to make the transmission
towers less intrusive.
Maffuccio said none of
the towers would have fenc-
ing around them and the
service roads would be dirt
rather than paved streets.
Boardman to Heming-
way’s application is thou-
sands of pages long, and al-
though Maffuccio said he’s
confident that Idaho Power
has addressed any concerns
up to this point, he wants to
wait to receive more public
input before he’s assured
that the transmission will
clear the regulatory process.
While the line has alter-
native routes, the general
path of the line is the same.
From the Oregon-Ida-
ho border, the line snakes
between Vale and Harper
before charting a similar
path to Interstate 84. The
line bypasses Huntington,
Baker City and La Grande,
splitting from I-84 around
Boardman to Heming-
way crosses Highway 395
south of Pilot Rock before
taking a hard turn north to-
ward Boardman after cross-
ing Highway 207 in Mor-
row County.
Maffuccio said Idaho
Power has altered the route
based on local concerns,
like moving the transmis-
sion line south after realiz-
ing how many people lived
in McKay Creek area north
of Pilot Rock.
“We didn’t realize that
there’s a lot of houses until
we got on the ground,” he
Maffuccio said Idaho
Power is also working with
Morrow County farmers
and the Boardman Bomb-
ing Range to address any of
their concerns.
Boardman to Heming-
way won’t go unopposed
at the upcoming series of
public meetings. Marlette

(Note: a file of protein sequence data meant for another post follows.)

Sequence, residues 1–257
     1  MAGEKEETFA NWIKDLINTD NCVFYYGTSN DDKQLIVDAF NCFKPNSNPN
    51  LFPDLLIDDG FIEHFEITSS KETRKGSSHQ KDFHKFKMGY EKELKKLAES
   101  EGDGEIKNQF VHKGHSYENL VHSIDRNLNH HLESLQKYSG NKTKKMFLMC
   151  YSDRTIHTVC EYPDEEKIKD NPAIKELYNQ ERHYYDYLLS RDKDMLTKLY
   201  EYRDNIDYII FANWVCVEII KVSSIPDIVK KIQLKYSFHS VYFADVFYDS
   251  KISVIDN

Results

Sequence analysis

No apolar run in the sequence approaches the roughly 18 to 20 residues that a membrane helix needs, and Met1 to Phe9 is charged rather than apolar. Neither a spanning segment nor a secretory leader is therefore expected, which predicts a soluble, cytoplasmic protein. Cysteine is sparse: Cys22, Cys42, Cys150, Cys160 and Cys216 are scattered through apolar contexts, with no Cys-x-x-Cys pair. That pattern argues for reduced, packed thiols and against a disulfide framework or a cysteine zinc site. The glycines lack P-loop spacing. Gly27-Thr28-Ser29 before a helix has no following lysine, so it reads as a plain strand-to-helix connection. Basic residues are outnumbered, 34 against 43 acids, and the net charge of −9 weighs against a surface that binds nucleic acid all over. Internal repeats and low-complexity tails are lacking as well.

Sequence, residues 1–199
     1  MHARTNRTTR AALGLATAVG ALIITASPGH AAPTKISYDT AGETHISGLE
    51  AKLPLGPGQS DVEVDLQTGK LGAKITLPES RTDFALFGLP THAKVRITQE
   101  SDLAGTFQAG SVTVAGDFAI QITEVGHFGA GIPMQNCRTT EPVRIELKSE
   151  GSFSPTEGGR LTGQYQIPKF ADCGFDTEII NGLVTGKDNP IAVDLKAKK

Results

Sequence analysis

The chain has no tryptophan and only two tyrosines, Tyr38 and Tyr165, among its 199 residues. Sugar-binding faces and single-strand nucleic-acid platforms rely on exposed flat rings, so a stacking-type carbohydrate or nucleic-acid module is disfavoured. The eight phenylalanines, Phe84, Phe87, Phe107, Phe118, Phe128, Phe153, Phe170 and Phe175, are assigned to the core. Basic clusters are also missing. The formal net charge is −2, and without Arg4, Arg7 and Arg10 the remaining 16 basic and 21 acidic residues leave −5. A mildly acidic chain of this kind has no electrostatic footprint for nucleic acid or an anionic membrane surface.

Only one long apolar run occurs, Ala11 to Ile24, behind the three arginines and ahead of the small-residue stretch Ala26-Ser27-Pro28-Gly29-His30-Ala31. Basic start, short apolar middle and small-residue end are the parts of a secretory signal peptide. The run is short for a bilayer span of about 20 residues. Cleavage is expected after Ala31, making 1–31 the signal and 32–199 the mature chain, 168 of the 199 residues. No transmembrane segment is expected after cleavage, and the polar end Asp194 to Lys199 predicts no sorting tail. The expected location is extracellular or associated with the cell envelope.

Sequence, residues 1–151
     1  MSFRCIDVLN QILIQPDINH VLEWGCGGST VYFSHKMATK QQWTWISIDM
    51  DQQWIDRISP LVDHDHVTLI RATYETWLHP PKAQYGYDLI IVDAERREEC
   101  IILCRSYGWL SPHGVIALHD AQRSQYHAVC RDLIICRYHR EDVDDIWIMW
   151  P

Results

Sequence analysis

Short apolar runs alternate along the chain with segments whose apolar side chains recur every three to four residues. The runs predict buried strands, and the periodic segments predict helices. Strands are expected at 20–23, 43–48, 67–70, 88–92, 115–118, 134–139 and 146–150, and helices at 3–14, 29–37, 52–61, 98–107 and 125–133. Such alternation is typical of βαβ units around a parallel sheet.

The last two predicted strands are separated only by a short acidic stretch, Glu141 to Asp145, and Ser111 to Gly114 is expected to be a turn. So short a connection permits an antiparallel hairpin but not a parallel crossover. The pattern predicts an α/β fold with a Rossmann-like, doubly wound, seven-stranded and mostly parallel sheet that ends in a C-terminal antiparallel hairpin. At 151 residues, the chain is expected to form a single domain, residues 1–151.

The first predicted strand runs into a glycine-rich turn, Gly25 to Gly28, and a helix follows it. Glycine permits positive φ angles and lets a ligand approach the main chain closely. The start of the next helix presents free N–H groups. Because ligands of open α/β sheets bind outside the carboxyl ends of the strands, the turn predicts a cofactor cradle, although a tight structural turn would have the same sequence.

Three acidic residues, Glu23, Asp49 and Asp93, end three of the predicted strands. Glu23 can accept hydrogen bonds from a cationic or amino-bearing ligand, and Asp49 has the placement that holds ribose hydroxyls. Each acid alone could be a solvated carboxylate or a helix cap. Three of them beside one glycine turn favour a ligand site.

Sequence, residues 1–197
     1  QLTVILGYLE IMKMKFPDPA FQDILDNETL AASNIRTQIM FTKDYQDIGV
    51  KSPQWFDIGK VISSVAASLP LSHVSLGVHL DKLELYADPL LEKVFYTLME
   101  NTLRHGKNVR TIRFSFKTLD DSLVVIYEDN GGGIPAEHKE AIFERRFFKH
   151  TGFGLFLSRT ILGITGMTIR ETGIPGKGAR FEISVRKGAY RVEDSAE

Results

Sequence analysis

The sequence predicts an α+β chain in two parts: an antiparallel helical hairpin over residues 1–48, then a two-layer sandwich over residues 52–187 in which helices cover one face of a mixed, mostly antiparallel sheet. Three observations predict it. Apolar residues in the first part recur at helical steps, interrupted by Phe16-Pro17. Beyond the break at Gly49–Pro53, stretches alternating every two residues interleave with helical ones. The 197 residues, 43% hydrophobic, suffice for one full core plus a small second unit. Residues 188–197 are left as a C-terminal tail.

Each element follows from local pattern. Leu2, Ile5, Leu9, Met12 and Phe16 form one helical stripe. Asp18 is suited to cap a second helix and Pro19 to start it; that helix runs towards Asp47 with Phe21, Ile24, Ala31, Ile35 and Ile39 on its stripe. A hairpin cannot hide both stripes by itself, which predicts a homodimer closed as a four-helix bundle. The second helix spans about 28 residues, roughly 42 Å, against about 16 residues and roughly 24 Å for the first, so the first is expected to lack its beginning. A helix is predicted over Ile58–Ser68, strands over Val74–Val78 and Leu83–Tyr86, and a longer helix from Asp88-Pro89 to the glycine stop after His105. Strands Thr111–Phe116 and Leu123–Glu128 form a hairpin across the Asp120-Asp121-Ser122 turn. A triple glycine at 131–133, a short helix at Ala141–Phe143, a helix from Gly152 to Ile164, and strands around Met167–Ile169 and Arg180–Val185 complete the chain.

said she plans to attend the
meetings in Ontario, Baker
City and La Grande.
The Pendleton meeting
will be held at the Pendle-
ton Convention Center on
Oct. 18 from 5 p.m. to 8
p.m. The SAGE Center will
host the Boardman meeting
at the same day and time.
Following the public
meetings, the department
of energy plans to submit a
draft proposed order to En-
ergy Facility Siting Council
for either approval or denial
in the first quarter of 2019.
Once the order is sub-
mitted, the department will
hold public hearings in all
five counties and begin ac-
cepting testimony and pub-
lic comment on the project.
Idaho Power projects
to have final regulatory
approval from the state in
early 2021 and complete
Boardman to Hemingway in
won’t come cheap
New workstation
console could
cost $46,000
By Richard Hanners
Blue Mountain Eagle
Progress is being made on
preparing the new 911 dis-
patch center in the John Day
Fire Hall, but it won’t be
In a May 21 draft offer to
the Intergovernmental Coun-
cil that will oversee the Grant
County Emergency Commu-
nications Agency, the city of
John Day offered to pay up
to $90,000 for building im-
provements to the fire hall
and $28,000 for furniture and
equipment replacement.
The city council on April
10 also approved financing
from Washington Federal to
complete the construction of
the fire hall, which would in-
clude rooms to be used by the
new 911 dispatch center.
The $118,000 in funding
for the dispatch center will
come from the Washington
Federal loan and the $420,000
appropriation that the city got
from the legislature to make
up the operations budget
shortfall for the biennium.
Bids approved
More details on these costs
became evident during the
John Day City Council’s Sept.
25 meeting. Two bids were